Mueller investigating Russian billionaires invited to Trump inauguration festivities: report

Special counsel Robert MuellerRobert Swan MuellerSasse: US should applaud choice of Mueller to lead Russia probe MORE’s office is investigating how several billionaires tied to Russia were given access to President TrumpDonald John TrumpTrump mocks wind power: 'When the wind doesn't blow, just turn off the television' Pentagon investigator probing whether acting chief boosted former employer Boeing Trump blasts McCain, bemoans not getting 'thank you' for funeral MORE’s exclusive, invitation-only inauguration parties, ABC News reported Thursday.

The outlet obtained guest lists to festivities, many including businessmen who got wealthy after the fall of the Soviet Union. Three sources told ABC News the lists are now of interest to federal prosecutors.

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One Trump guest, oligarch Viktor Vekselberg, who has close ties to Russian President Vladimir Putin, has even been sanctioned by the Treasury Department in response to what U.S. officials called Moscow’s broad destabilizing activities during the presidential race.

The men were taken to exclusive events that were reserved for members of Trump’s inner circle and top donors. 

Matthew Olsen, a former national security official turned ABC News consultant, said appearing at the new president's inauguration is a Russian strategy. 

“This reflects a Russian strategy of gaining access to our political leaders at a time when they are just forming a government,” Olsen said. “They don’t need to be spies in the James Bond sense. They are powerful people with significant wealth who are in a position to exert influence on U.S. policy makers. And they’re in a position to report back to Russian intelligence services on what they’re able to learn.”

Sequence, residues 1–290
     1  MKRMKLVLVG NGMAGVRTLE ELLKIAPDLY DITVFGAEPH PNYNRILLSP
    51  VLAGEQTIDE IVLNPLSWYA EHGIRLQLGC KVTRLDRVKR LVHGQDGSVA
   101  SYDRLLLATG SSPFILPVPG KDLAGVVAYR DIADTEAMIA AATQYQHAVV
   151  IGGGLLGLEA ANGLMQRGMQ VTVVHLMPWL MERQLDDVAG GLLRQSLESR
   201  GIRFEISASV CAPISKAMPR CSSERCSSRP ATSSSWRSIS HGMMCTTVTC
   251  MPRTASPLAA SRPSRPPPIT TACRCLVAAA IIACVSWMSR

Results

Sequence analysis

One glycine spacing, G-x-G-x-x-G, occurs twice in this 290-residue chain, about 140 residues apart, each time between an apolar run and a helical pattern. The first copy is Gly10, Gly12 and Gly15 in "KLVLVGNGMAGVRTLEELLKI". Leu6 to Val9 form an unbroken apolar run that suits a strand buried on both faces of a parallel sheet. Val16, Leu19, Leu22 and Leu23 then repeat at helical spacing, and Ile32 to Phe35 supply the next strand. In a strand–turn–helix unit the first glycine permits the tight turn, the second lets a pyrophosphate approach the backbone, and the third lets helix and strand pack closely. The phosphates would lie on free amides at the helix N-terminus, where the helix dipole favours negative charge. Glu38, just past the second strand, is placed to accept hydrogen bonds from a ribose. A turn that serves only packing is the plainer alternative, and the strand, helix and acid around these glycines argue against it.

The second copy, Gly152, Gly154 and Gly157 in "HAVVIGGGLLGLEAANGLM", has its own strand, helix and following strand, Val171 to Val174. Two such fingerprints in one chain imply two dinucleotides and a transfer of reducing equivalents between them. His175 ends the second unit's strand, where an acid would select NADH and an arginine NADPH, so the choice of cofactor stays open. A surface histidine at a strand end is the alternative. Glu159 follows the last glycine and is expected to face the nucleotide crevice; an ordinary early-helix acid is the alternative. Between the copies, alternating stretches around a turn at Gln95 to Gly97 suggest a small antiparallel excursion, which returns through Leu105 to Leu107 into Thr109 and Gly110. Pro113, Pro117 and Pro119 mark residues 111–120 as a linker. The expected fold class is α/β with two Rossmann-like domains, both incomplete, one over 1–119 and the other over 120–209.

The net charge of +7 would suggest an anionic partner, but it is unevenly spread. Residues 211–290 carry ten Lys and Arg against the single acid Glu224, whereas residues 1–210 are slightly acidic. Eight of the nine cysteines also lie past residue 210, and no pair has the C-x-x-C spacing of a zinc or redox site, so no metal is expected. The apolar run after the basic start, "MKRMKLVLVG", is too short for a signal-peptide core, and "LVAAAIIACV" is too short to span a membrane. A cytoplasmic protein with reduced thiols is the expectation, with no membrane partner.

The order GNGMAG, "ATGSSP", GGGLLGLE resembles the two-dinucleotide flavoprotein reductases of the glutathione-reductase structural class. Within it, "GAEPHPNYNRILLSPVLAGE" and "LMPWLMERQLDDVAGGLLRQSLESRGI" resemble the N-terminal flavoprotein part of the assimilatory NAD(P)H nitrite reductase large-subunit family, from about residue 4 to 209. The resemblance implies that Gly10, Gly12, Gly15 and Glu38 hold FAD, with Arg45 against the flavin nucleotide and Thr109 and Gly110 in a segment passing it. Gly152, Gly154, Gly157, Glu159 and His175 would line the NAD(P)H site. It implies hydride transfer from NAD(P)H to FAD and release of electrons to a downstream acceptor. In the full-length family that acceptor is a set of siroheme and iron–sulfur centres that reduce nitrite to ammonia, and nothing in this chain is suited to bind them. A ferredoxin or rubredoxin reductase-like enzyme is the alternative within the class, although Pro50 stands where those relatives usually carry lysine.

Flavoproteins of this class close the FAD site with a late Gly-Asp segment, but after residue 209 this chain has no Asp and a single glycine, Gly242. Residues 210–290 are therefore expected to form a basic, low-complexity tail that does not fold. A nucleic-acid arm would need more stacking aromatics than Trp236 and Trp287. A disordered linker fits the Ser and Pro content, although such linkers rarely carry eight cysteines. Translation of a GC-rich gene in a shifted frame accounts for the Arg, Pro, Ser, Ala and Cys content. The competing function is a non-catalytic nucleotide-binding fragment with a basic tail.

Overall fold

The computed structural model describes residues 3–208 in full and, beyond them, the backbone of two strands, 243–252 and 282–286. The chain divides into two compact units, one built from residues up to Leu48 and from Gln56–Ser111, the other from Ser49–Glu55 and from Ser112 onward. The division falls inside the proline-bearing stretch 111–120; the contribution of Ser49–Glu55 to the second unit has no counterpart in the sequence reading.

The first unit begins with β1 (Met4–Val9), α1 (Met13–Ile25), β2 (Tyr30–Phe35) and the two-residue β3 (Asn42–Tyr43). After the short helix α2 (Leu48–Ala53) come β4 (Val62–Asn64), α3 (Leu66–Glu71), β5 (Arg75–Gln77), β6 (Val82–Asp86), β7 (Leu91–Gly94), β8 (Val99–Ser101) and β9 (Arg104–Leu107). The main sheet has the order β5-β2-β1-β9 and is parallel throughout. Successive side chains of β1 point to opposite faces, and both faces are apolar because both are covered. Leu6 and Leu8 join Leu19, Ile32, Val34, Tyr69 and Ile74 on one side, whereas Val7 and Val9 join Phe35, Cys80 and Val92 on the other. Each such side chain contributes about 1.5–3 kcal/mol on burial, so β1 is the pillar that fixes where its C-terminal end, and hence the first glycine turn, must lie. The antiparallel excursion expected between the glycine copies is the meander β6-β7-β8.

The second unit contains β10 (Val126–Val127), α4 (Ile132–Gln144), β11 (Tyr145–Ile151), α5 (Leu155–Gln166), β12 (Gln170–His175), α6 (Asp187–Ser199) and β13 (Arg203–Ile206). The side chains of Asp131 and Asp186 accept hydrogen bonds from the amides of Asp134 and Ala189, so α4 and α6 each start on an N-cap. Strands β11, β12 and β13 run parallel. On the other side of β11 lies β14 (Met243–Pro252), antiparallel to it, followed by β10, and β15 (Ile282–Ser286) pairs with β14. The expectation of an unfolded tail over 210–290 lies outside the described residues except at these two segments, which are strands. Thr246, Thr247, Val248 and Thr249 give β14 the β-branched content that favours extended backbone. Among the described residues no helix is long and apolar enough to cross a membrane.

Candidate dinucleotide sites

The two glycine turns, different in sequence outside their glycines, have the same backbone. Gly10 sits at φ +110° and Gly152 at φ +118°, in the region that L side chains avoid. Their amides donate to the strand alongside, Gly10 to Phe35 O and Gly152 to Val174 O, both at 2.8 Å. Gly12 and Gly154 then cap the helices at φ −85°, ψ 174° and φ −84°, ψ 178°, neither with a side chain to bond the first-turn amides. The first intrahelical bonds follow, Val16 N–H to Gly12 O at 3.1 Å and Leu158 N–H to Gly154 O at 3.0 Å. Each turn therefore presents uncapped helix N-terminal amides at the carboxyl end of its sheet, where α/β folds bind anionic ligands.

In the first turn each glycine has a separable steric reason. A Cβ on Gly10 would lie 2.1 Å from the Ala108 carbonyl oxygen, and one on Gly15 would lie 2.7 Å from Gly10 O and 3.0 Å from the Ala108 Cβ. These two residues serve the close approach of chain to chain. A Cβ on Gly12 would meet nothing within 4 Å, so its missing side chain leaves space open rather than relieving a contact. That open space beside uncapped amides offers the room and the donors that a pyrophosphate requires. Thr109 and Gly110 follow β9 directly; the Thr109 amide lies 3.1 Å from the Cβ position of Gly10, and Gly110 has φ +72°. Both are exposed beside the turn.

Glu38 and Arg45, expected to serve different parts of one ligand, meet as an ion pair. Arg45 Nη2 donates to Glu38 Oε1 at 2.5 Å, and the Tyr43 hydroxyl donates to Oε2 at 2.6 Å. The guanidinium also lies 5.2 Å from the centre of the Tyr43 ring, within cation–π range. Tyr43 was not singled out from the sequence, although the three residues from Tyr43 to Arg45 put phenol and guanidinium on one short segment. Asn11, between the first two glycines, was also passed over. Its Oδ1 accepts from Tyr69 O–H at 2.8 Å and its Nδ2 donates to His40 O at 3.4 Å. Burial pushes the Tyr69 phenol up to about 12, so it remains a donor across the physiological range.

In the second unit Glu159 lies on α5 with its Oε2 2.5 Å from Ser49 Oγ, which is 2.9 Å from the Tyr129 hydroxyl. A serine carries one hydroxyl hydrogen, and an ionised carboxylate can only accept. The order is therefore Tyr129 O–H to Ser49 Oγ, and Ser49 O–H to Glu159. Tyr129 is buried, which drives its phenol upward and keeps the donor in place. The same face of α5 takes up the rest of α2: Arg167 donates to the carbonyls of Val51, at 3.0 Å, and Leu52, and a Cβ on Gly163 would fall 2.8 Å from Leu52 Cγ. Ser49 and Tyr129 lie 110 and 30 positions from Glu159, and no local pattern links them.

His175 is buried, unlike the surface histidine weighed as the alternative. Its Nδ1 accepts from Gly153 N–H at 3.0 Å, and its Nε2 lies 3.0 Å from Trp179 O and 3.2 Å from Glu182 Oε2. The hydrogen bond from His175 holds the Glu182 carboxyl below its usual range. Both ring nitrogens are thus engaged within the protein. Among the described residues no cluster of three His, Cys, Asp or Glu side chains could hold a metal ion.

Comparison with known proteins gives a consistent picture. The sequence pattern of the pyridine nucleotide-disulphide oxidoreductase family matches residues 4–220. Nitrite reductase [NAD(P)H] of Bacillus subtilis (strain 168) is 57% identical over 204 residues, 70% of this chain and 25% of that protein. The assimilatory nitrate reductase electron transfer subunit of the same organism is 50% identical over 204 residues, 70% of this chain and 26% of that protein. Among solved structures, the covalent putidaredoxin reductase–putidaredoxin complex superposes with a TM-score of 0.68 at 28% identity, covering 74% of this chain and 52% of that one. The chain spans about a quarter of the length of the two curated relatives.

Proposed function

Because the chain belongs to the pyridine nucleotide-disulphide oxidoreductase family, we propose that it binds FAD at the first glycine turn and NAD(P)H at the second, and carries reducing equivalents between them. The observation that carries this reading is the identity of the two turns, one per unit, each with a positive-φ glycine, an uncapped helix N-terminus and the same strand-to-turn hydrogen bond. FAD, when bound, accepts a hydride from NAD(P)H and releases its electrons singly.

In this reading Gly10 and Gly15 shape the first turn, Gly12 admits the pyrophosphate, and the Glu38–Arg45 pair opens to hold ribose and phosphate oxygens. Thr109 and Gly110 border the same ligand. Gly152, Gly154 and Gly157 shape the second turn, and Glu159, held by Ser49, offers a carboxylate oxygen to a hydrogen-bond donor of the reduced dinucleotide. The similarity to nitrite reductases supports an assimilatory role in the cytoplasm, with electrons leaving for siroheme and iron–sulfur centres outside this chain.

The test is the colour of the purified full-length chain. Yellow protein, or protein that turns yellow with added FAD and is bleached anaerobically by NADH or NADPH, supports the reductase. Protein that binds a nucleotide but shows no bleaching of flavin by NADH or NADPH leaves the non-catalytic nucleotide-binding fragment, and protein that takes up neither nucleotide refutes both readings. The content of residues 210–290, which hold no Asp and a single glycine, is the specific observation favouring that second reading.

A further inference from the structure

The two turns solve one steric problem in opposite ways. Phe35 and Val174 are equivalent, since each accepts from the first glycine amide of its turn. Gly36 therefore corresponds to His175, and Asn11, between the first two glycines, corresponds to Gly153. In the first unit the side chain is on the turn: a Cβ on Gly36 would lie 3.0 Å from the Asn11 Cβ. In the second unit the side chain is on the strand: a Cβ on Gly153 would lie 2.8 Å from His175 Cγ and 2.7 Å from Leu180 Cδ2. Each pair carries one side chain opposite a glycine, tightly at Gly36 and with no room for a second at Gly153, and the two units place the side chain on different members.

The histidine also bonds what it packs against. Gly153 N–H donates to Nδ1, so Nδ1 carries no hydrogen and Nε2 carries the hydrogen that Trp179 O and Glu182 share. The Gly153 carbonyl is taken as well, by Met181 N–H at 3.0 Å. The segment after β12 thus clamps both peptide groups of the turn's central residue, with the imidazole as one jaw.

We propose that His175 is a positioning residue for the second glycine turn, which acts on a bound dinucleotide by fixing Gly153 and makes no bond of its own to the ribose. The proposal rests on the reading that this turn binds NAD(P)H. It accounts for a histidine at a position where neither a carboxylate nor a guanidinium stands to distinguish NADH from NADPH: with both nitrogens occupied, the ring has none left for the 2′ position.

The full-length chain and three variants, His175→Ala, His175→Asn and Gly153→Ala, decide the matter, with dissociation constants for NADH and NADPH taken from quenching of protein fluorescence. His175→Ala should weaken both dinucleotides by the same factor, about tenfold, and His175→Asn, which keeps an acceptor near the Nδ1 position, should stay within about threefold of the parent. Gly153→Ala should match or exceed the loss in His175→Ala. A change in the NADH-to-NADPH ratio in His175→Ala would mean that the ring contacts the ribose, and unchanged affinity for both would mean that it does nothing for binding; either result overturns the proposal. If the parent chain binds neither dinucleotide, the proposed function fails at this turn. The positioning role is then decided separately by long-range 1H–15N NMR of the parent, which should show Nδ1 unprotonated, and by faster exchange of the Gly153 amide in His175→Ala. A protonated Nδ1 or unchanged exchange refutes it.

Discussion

One oligarch was reportedly even inside the Capitol for the Inauguration Day luncheon with the Joint Congressional Committee on Inaugural Ceremonies, according to a source familiar with the congressional investigations. 

ABC noted that that event is so exclusive that it is sometimes difficult for even members of Congress to get an invitation. 

Several Russian oligarchs received tickets to a “Candlelight Dinner” in D.C.’s Union Station the night before the inauguration — open only to those who contributed at least $1 million to the inauguration. 

Vekselberg sat at a table next to Trump’s former personal lawyer Michael Cohen and his family, a source told ABC News. 

Vekselberg reportedly got an invite to the party through his cousin Andrew Intrater, an American businessman who also donated to Trump’s inauguration. 

Both Vekselberg and Intrater were questioned by Mueller’s agents at a New York airport last year. 

Trump’s inaugural committee announced in April 2017 that it had raised $106.7 million to pay for the festivities.

Mueller is currently investigating Russian meddling in the 2016 presidential election, as well as any possible coordination between Moscow and members of Trump's campaign.